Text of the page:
Wednesday, February 9, 2011

You're Jealous because I WON!

OUTSIDE: Bright and cold. Important--NO SNOW.
LISTENING TO: White Stripes on shuffle. So bummed that they are parting ways.
READING: Warped by Maurissa Guibord
BREAKFAST: a cocktail of Apple Cider Vinegar and Honey. And vitamins. Yuck.

At last (told you it takes me forever to do anything), I'm posting my first 2011 Debut Author Challenge review!

I actually won a copy of this book through a contest on Twitter--having to tweet about my favorite warm beverage which was, at the time, a cup of Alice's Tea Cup Christmas blend and a cookie. Personally I think it was the mention of the cookie that won the day, because I never win random drawings, but luck was with me and I WON... 

From the first time I heard the premise of this book, I really wanted to read it. The folks at Flux do a tremendous job at intros, so I'm not even going to try to do my own:

"Hoping to raise money for a post-graduation trip to London, Asha Jamison and her best friend Carey decide to sell T-shirts promoting the Latte Rebellion, a club that raises awareness of mixed-race students.

But seemingly overnight, their "cause" goes viral and the T-shirts become a nationwide social movement. As new chapters spring up from coast to coast, Asha realizes that her simple marketing plan has taken on a life of its own—and it's starting to ruin hers. Asha's once-stellar grades begin to slip, threatening her Ivy League dreams, while her friendship with Carey hangs by a thread. And when the peaceful underground movement spins out of control, Asha's school launches a disciplinary hearing. Facing expulsion, Asha must decide how much she's willing to risk for something she truly believes in."

Interesting premise, and without giving any spoilers, I thought that Sarah Jamila Stevenson brought the reader through Asha's ups and downs in this adventure to a very satisfactory conclusion.  What really hooked me though was how very realistic and true the story and the characters were.  Asha is absolutely believeable and imperfect--in a very good way. Her flaws and the self depreciating wit with which she delivers observations about herself, her friends, her family, her situation, made her a strong character with an appealing fragility and humility about her. This is not an easy thing for a writer to pull off. Asha is someone you'd want to be friends with (if she were real, of course).  Then there were characters I wanted to smack (come on, Carey!) and hug (Miranda). 

I love when I have an emotional reaction to a book--to me it means that the writer brought me into the world he or she has created; SJS did this and more. Now, some personal notes--points that were little treats and made me smile while reading...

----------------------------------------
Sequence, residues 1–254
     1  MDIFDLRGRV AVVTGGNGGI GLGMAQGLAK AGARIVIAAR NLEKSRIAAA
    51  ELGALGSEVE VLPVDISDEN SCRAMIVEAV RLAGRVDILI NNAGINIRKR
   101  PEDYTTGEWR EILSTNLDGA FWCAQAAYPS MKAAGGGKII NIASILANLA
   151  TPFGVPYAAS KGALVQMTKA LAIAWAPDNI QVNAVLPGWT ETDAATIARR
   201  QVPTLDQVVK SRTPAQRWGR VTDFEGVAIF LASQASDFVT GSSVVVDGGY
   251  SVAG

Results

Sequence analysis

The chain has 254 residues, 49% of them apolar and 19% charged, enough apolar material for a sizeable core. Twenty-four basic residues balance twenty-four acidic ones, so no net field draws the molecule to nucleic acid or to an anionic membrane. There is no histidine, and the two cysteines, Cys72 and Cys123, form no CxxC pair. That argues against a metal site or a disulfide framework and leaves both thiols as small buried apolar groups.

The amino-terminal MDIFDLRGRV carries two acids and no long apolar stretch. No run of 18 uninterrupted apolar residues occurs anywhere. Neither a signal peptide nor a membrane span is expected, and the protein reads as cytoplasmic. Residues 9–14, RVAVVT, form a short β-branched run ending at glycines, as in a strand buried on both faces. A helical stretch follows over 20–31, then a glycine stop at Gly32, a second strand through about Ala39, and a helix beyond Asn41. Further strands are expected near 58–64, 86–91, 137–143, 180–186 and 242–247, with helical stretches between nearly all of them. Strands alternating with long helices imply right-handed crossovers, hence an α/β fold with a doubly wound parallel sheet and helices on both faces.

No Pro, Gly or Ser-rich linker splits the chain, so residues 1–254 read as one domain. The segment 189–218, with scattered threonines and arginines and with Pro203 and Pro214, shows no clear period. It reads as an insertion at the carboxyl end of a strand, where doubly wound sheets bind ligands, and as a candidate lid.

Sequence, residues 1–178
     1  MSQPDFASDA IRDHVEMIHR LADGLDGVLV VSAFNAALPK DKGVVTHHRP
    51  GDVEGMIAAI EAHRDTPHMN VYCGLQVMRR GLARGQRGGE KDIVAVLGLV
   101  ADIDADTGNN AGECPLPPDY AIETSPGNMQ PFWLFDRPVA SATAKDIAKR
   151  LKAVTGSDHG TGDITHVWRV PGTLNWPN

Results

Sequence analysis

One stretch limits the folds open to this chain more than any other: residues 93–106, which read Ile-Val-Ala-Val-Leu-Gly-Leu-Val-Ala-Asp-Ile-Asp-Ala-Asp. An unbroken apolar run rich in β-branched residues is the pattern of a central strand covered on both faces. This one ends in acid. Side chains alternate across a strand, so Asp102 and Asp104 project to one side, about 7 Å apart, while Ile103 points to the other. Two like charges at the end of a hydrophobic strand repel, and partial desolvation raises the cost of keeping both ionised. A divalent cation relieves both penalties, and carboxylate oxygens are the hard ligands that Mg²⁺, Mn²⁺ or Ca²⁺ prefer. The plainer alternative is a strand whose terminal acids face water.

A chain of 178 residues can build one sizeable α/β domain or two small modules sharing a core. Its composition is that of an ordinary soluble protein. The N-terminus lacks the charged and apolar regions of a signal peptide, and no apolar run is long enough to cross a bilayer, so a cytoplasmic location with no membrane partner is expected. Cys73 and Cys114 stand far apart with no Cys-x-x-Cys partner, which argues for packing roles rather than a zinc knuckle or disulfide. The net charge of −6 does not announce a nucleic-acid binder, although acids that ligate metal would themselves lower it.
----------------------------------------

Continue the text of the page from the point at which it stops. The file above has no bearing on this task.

* This book is going to make the tour of my house--we are a mixed race family, and there are several challenges that the rebellion members face that we've come up against. I like the overall attitude of the characters--its very uplifiting but realistic too.



* LOVE the "exhibits" and illustrations throughout the book.  I later discovered that the art was the work of SJS herself. One thing that came immediately to mind when I first saw them was "Persepolis" and I wondered if SJS had read any of Marjane Satrapi's work.  It's like comparing peas to apples, I know, but I may have to ask her that one day (answer will be posted if I manage to collect it!).

* I thought it was hysterical that Asha and co. refered to themselves not only as "Lattes" but as "Brown." My husband (half Pakistani, half Irish) has been doing that for years. I laughed out loud every time I came across it.

* Equally cool is the companion website to the book. Click the picture below (one of SJS's illustrations) to visit:


Don't be jealous because I won (I never win anything, really!). Instead, why not visit  Flux and get your own copy. Or visit your local bookstore--if they don't have it, ASK FOR A COPY--good for you, and the author too.

I'm really impressed with myself that I am trucking along with this challenge!  Next up, WARPED!

5 comments:

  1. Thanks so much for the review! I'm so glad you enjoyed it. :) And yes, I've read Persepolis (both of them) and love it. Actually, I'd love to do a graphic novel myself someday.

    Cool that your husband is half-Pakistani--that's what I am, too!!

    - Sarah

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  2. I was born into a mixed race family and now I'm raising my own so I'm eager to get my hands on a copy of this book. Thanks for the great review!

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  3. Thanks for stopping by! I don't want to pigeon hole this book--because I think any teen reader would be able to relate. Asha came alive to me as a person. My son graduated high school last year and she seemed like so many of his friends--the things she said, her manner of speech, etc. But there is that twist of her being a child of several distinct cultures--not only incorporating the nationalities of her parents, but American culture as well, that was very interesting and well done. Daughter (13) is reading it now.

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  4. The Latte Rebellion is already on my to-read list, and your review just makes me want to read it even more. Congratulations on your win!

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  5. Beautiful post combining mocha latte, cookie, and a COOL book! Wow. P.S. Kid Creole: "If it weren't for my cream-and-coffee color, I'd be a diety." Actually, he is a deity. :-) Times were tough adjectivally, though, before the mocha latte craze... and I want one right now.

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